The 4D Nucleome Program is leveraging recent technological advances to transform the way we understand gene regulation. In recent years, it has become clear that the DNA and DNA associated proteins found in each cell nucleus are precisely organized in three dimensions and this organization changes over time – the fourth dimension. However, the functional consequences of this organization on gene expression, cellular function, development, and disease are unknown. The 4D Nucleome Program is supporting its first set of 29 awards, in which researchers will work together as a consortium to investigate nuclear organization in space and time, with a focus on investment in future technology development. Totaling approximately $25 million, this program includes support for an interdisciplinary consortium to explore nuclear organization and function; development of new chemical, biochemical, and imaging tools; studies of structural and functional subregions within the nucleus; an organizational hub to facilitate collaboration and resource sharing; and a data center to coordinate and integrate data generated by the 4D Nucleome investigators. These awards are being administered by the National Cancer Institute, the National Institute of Diabetes and Digestive and Kidney Diseases (NIDDK), the National Institute of Biomedical Imaging and Bioengineering, the National Heart, Lung, and Blood Institute (NHLBI), and the National Institute on Drug Abuse (NIDA).
The Gabriella Miller Kids First Pediatric Research Program will develop a data resource for the pediatric research community of clinical and genetic sequence data that will allow scientists to identify genetic pathways that underlie structural birth defects and childhood cancer. Increased understanding of the underlying genetics of these conditions would be a first step towards potentially developing prevention, early detection, and therapeutic interventions. DNA sequencing centers at Baylor College of Medicine, Houston, and Washington University, St. Louis, each received $6.3 million to generate genetic sequence data from structural birth defects and childhood cancer research cohorts. In future years, the program plans to support additional analyses and data coordination efforts which will enable molecular networks that may link apparently disparate conditions to be identified. The sequencing center grants are managed by the National Human Genome Research Institute.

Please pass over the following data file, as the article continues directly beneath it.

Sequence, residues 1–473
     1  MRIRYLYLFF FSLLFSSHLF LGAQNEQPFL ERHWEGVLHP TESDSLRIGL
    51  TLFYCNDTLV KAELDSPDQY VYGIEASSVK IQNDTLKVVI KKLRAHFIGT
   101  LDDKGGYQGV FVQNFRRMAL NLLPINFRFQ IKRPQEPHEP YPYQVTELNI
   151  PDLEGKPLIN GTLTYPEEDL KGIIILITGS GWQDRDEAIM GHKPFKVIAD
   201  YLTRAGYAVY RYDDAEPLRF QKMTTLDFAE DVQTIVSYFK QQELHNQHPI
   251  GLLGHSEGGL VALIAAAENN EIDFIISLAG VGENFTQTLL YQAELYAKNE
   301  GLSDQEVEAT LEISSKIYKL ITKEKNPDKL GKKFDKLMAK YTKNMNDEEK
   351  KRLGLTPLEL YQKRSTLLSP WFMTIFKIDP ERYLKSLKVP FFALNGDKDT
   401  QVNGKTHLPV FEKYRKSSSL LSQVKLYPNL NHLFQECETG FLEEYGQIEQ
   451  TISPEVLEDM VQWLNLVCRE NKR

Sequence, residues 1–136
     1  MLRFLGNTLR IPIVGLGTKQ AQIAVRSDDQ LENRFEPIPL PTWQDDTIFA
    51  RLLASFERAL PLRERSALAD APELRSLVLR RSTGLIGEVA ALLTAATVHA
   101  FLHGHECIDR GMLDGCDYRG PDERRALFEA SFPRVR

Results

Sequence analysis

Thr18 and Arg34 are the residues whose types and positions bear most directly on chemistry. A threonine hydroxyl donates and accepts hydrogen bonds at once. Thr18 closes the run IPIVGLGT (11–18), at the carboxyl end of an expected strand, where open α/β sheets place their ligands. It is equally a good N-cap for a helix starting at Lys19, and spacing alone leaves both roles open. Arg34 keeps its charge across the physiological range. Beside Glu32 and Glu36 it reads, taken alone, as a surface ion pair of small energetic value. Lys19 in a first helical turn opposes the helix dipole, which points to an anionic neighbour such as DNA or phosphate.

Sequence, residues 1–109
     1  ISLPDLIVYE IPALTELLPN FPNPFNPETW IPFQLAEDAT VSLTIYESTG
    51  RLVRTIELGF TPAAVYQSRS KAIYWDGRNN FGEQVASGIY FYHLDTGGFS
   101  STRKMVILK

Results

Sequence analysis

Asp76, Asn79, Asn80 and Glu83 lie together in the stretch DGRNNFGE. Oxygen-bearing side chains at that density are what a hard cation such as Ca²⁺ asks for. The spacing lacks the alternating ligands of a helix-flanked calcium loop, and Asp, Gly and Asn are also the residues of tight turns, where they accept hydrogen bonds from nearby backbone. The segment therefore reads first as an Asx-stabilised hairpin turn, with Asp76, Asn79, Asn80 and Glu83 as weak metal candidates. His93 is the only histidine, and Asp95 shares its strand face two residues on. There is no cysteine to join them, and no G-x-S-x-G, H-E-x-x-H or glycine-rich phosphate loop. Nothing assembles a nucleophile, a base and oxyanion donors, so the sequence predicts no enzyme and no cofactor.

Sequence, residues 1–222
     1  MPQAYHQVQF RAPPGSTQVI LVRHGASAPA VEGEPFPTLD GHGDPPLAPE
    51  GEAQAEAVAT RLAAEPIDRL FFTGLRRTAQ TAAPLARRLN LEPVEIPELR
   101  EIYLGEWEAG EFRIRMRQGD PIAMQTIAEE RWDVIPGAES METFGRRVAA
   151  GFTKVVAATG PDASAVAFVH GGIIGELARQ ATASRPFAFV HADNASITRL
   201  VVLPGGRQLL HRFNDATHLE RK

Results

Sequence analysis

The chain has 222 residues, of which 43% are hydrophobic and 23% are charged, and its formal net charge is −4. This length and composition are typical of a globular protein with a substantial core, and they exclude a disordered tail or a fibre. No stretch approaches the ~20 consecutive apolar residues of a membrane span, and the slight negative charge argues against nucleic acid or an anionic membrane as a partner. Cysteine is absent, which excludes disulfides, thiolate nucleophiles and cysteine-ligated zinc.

The Science of Behavior Change Program aims to implement a mechanism-focused, experimental medicine approach to behavior change research. Unhealthy behaviors, including lack of adherence to medical regimens, account for approximately 40 percent of premature deaths in the United States. The Science of Behavior Change Research Network will bring together teams of basic and clinical scientists to implement an experimental approach to behavior change, which will involve: identifying behavior change targets common across multiple diseases, developing assays to measure target engagement, testing interventions for efficacy, and disseminating validated assays and tools to researchers and clinicians. The network will receive approximately $7 million to fund a total of nine awards that are being administered by the National Institute on Aging, NIDA, the Eunice Kennedy Shriver National Institute of Child Health and Development, NHLBI, NIDDK, the National Center for Complementary and Integrative Health, the National Institute of Nursing Research, and NIDCR.
Back in 2009, researchers identified a herd of Awassi sheep suffering from "day blindness". As that term implies, these sheep were blind during the day (in bright light) but could see at night, in low-light conditions. After identifying the genetic basis of this blindness, researchers have now successfully used gene therapy to restore their daytime vision.READ MORE